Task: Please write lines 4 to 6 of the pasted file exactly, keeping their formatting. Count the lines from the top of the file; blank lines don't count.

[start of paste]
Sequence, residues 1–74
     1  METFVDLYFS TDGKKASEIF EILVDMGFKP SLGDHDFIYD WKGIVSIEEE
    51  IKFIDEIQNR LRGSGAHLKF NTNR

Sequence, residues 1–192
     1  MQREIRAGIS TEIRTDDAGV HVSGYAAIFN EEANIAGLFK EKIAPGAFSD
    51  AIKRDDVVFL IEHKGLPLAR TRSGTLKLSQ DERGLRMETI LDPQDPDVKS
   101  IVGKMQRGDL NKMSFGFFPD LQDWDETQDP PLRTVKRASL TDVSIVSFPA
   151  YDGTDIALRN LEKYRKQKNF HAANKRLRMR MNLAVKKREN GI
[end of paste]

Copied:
Sequence, residues 1–192
     1  MQREIRAGIS TEIRTDDAGV HVSGYAAIFN EEANIAGLFK EKIAPGAFSD
    51  AIKRDDVVFL IEHKGLPLAR TRSGTLKLSQ DERGLRMETI LDPQDPDVKS